The selected cells appear in a darker shade of green. This is due to the combination of the blue selection color and the green cell color.

Go to the conditional formatting rules panel. Click the Add another rule button.

The selected cells are added to the range list. We need to change the condition for the rule.

Click the condition selector. Select the condition — for when the cell is empty.

Click the cell color palette tool. Choose a light yellow. Click the Done button.

We have two rules that apply to the same group of cells. One for when the cells are filled. One for when the cells are empty.

I like to include one more color condition option. Let’s look at an example. The answer for 2 down is Earth. What if a student answers Mars instead of Earth. A yellow cell points out that a letter is missing.

What if the student enters a longer word like Mercury. The letters extend outside the colored grid. The next conditional formatting will alert students to the mistake.

Select all the cells in the grid. Include the ones we already color-coded.

Add another rule. Set the conditional color to red. Leave the formatting rule set at “is not empty”. Click the Done button.

The letters in Mercury that extend beyond the cell range are highlighted with red.

Conditional formatting works in layers. The condition for green filled in cells is before the condition for red filled in cells. This is why the cells for the letters in the word are not red.

We are done with the conditional formatting panel. Go ahead and close it.

## Student distribution

This is your teacher’s master. We need a copy for the students. Click File in the menu and select Make a copy.

Use “Solar System Crossword Puzzle – Student” for the file name. Click the OK button.

Erase the answers in the answer table. Distribute the puzzle to students.

## One more thing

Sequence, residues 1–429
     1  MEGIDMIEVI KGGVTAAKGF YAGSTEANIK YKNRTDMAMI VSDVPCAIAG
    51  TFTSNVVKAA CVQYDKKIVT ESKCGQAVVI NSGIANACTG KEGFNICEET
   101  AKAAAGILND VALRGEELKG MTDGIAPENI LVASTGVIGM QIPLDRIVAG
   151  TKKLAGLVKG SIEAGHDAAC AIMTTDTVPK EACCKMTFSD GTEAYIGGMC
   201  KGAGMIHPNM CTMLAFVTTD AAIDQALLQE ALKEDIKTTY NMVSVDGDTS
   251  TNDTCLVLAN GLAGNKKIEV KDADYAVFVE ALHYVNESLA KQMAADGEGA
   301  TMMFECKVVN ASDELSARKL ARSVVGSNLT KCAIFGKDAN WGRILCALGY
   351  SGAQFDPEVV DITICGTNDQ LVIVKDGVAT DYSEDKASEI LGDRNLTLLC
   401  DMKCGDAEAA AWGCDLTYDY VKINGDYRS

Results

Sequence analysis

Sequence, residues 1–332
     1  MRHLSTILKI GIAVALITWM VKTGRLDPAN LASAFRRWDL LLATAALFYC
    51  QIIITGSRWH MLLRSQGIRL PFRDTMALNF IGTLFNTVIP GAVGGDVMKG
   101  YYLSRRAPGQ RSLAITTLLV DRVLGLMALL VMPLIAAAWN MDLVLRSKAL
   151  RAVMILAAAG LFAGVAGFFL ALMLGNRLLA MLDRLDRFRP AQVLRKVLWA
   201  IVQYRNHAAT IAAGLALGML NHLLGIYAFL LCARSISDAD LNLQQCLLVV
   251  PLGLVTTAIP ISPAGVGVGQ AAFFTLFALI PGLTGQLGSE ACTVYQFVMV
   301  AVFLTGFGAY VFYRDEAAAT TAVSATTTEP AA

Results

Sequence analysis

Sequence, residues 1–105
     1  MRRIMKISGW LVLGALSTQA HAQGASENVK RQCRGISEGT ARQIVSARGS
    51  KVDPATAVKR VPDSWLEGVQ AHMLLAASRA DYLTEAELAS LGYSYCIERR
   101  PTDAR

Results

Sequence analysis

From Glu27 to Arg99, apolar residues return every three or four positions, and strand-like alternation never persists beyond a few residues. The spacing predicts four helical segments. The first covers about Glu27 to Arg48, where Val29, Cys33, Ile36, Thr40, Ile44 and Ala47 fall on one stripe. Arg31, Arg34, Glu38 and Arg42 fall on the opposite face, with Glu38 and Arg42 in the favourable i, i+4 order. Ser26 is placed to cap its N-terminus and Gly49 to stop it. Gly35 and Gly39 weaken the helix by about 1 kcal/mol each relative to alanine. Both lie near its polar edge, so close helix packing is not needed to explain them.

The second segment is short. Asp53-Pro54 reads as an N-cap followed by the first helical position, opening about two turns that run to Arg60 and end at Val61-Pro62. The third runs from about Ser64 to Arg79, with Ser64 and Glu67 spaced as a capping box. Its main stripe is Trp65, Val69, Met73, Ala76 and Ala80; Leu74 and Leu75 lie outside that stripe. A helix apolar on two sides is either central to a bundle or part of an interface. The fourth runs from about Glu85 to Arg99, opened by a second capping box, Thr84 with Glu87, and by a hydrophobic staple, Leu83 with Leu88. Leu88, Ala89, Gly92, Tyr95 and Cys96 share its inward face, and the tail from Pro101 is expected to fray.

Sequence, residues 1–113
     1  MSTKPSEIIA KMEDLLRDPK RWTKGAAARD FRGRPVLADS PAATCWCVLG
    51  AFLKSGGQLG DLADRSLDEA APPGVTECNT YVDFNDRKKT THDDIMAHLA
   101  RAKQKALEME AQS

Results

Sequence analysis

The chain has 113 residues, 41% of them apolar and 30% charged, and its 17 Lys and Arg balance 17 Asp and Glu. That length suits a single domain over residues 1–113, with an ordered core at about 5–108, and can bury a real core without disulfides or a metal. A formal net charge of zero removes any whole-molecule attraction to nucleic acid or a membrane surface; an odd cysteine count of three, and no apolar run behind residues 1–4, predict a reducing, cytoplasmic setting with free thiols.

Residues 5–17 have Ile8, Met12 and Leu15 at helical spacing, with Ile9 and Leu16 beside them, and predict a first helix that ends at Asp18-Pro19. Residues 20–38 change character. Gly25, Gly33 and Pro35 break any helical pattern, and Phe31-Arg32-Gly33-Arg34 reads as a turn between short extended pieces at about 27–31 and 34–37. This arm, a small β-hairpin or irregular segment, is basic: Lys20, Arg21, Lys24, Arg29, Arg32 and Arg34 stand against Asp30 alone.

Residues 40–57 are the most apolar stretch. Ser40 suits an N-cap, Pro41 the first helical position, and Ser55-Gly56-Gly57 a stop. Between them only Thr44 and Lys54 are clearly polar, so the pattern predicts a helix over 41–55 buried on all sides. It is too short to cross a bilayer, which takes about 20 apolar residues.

I recommend adding instructions above the puzzle. A helpful reminder to students for where the answers are placed.

## Puzzle script

The first five lines provide information about the code. The code uses functions to execute instructions. The first function is called onOpen. The instructions in the function attach the Crossword menu to the spreadsheet each time the spreadsheet opens. It also adds the Across and Down menu items.

Each menu item refers to the functions across and down. The first Across is the menu name. The across in lower case references the across function. The same is true for the down menu item.

The across function gets the current spreadsheet and the current cell. It sets the formula inside the cell. The formula is within the open and close parenthesis. The same instructions are used for the down function. The formula for the down function includes the transpose function. It changes the letters from going across to going down.

`// The code below is used to enter the long formula into cells.`

`// One formula is for words that go across.`

`// The other formula is for words that go down.`

`// The code creates a menu option.`

`// The menu options include across and down.`

`function onOpen() {`

`var ui = SpreadsheetApp.getUi();`

`ui.createMenu('Crossword')`

`.addItem('Across', 'across')`

`.addSeparator()`

`.addItem('Down', 'down')`

`.addToUi();`

`}`

`function across() {`

`var spreadsheet = SpreadsheetApp.getActive();`

`spreadsheet.getCurrentCell().setFormula('=iferror(SPLIT(REGEXREPLACE("" & S4,"(\w)", "\$1,"), ","),"")');`

`};`

`function down() {`

`var spreadsheet = SpreadsheetApp.getActive(); spreadsheet.getCurrentCell().setFormula('=iferror(TRANSPOSE(SPLIT(REGEXREPLACE("" & U4,"(\w)", "\$1,"), ",")),"")');`

`}`